Erin Ryan: Incredible. Same. 


Priyanka Aribindi: Truly. 


Erin Ryan: Same. 


Priyanka Aribindi: Truly same. Here is a clip from the song. So you get a sense of its awesome power if you’re listening to this podcast on a laptop from 2005. Please mute and turn the volume back on in 20 seconds. 


[clip of Rhythm Nation by Janet Jackson] [music by Janet Jackson playing]


Priyanka Aribindi: This sounds like something that would be very cutting edge in its time, you know, like where it’s like this is a new sound. 


Erin Ryan: Priyanka do not besmirch. 


Priyanka Aribindi: No, no, no. I don’t mean in a bad way. I mean, that’s probably why the computers are freaking out. They’re like, What is this? 


Erin Ryan: Oh, so you’re saying it was like a future looking. 


Priyanka Aribindi: Yeah. 


Erin Ryan: Janet Jackson saw the future. 


Priyanka Aribindi: She did. 


Erin Ryan: And she was like, I’m going to fuck with some computers in the year 2005. 


Priyanka Aribindi: Well, maybe she didn’t intend, but the computers. I understand why they’re freaking out. 


Erin Ryan: Right? It would be like if you were, like cryogenically frozen in 1975 and you woke up in 1989 and Rhythm Nation was playing. 


Priyanka Aribindi: Yeah. And you’d be like, what is going on? 


Erin Ryan: What? 


Priyanka Aribindi: Yeah, that’s what these computers are. Obviously, we have known about Janet Jackson’s ability to bring us to our knees for decades, but we didn’t know she could also do this to our circuit boards. So, Erin, what is your take on this? 


Erin Ryan: Okay. I really want this technology to have a broader implication. I wonder if there’s a Janet Jackson song that we can play at a certain frequency and volume outside of, say, the Navient headquarters, [laughter] erase some student loan payments for some people. I think that we could probably find a Janet Jackson song that we play really loudly outside of maybe a bank that’s charging excessive overdraft fees. Go ahead and erase that, deposit a cool grand in everybody’s account. 


Priyanka Aribindi: It feels like a weapon for good.


Erin Ryan: I feel like we should be using the power bops of the late eighties and early nineties to right social injustices. And I think that we can do it if there is a smart enough person listening, please become a mad scientist and make this your life goal.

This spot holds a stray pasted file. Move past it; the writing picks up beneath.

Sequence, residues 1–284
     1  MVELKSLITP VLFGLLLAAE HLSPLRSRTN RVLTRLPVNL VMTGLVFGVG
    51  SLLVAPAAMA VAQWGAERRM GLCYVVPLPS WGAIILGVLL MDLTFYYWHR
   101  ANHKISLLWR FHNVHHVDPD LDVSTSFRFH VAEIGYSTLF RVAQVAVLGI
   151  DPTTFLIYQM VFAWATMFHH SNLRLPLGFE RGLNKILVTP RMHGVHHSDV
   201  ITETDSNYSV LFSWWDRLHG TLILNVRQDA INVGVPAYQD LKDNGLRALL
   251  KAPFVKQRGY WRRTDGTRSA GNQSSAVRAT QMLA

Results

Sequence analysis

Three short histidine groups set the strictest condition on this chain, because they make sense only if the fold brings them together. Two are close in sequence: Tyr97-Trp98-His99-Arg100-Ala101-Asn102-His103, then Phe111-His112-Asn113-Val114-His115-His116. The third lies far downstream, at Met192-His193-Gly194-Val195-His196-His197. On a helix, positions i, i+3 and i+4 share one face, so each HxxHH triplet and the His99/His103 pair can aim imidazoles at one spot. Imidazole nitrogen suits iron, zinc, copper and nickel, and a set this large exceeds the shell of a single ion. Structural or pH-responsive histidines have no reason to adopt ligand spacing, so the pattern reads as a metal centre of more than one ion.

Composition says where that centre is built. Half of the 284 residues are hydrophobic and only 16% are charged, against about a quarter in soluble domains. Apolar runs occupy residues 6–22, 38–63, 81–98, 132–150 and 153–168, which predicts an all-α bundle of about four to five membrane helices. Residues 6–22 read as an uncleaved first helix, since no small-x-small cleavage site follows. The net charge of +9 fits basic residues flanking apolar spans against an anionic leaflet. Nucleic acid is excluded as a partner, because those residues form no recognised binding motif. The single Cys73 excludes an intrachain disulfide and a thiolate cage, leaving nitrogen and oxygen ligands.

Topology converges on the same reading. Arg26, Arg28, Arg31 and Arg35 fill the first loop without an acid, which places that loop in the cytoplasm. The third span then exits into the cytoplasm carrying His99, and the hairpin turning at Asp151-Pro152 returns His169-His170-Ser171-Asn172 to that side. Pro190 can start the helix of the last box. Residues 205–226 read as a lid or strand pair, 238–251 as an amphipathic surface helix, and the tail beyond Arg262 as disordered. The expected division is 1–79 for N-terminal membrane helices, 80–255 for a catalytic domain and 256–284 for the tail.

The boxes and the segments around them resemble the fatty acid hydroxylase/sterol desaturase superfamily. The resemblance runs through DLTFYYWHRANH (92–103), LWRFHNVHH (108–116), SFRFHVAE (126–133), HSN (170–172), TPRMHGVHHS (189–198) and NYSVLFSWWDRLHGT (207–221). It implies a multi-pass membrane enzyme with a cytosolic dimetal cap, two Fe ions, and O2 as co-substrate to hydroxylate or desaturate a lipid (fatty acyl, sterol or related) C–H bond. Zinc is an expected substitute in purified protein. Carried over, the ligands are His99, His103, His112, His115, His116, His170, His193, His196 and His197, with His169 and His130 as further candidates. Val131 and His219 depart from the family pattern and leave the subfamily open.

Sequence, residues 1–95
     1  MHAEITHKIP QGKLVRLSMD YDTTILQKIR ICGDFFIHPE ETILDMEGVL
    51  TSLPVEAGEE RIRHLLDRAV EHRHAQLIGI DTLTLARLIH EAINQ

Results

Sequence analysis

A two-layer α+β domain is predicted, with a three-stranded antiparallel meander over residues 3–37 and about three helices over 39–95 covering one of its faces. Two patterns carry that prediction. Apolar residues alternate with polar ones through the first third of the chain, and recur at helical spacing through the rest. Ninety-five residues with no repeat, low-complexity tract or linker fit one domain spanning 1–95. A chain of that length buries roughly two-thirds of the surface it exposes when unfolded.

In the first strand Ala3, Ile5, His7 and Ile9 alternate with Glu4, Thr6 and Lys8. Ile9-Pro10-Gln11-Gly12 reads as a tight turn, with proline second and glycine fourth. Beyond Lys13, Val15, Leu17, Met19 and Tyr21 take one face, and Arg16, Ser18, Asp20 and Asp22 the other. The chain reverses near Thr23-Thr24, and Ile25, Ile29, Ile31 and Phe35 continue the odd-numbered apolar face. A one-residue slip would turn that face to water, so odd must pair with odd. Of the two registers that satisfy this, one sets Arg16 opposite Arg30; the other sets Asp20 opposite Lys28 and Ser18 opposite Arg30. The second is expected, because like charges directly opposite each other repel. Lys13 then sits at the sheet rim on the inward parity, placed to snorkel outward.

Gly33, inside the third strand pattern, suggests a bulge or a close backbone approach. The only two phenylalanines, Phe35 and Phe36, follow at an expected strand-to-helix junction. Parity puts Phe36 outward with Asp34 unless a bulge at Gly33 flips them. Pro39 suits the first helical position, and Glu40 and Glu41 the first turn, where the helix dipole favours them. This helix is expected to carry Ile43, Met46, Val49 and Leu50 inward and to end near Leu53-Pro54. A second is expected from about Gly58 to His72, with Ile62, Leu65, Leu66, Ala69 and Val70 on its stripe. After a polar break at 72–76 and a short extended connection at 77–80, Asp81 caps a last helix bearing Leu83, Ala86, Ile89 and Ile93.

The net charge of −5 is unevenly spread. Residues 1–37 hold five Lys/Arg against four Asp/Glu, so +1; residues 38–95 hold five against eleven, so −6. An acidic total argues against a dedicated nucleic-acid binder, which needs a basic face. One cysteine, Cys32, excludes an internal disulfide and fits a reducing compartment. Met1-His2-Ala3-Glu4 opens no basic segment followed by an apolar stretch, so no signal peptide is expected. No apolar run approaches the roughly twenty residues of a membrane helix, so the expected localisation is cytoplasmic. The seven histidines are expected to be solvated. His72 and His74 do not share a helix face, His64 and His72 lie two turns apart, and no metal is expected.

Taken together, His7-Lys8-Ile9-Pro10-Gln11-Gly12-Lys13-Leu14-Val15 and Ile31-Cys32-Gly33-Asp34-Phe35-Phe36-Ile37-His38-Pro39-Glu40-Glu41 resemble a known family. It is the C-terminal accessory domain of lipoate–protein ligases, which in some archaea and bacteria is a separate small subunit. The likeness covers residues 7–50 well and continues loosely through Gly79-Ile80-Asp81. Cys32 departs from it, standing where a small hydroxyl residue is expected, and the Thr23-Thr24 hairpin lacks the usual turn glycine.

Priyanka Aribindi: Well, I mean, I think all it requires is us just doing, like a WAD, you know, picking a time. Everybody just drive outside wherever with the computers and play this song on full volume and then watch as our society crumbles. 


Erin Ryan: Yes, exactly. I mean, it’s going to be trial and error. We have to try all kinds of different songs, but they have to be dance jams and they have to be awesome. And you have to play them very, very loudly. And something is bound to work. It’s like the principle of having like a million monkeys on a million typewriters. Eventually one of them will write Shakespeare. Eventually, we will somehow dismantle the power structures that oppress us. 


Priyanka Aribindi: Totally. 


Erin Ryan: With music. 


Priyanka Aribindi: This is our first Geeks WAD, but I feel like it’s pretty great. 


Erin Ryan: I think this is maybe our thesis for all future Geeks WAD. 


Priyanka Aribindi: It might be. Anyways, that was Geeks WAD. Remember to restart your computer at least once every year. 


Erin Ryan: I will not be updating. No. 


Priyanka Aribindi: Absolutely no. 


Erin Ryan: No to the update every single day. No.


Priyanka Aribindi: No, it’s just a suggestion. [music break]. 




Priyanka Aribindi: That is all for today. If you like the show, make sure you subscribe. Leave a review. Turn up with the Prime Minister of Finland and tell your friends to listen. 


Erin Ryan: And if you’re into reading and not just descriptions of Janet Jackson related computer problems like me, What A Day is also a nightly newsletter. Check it out and subscribe at Crooked.com/subscribe. I’m Erin Ryan. 


Priyanka Aribindi: I’m Priyanka Aribindi. 


[spoken together] And here’s to you Ben and J-Lo. 


Erin Ryan: She’s not J-Lo anymore. She changed her name. 


Priyanka Aribindi: Oh to. 


Erin Ryan: J-Aff.


Priyanka Aribindi: J-Aff? 


Erin Ryan: Yeah. 


Priyanka Aribindi: Ugh, Jaffleck. Oh, that’s kind of cool.


Erin Ryan: Yeah. 


Priyanka Aribindi: We have some suggestions to the artist formerly known as J-Lo. [music break] What A Day is a production of Crooked Media. It’s recorded and mixed by Bill Lancz. Jazzi Marine and Raven Yamamoto are our associate producers. Our head writer is Jon Millstein and our executive producers are Lita Martínez and Leo Duran. Our theme music is by Colin Gilliard and Kashaka.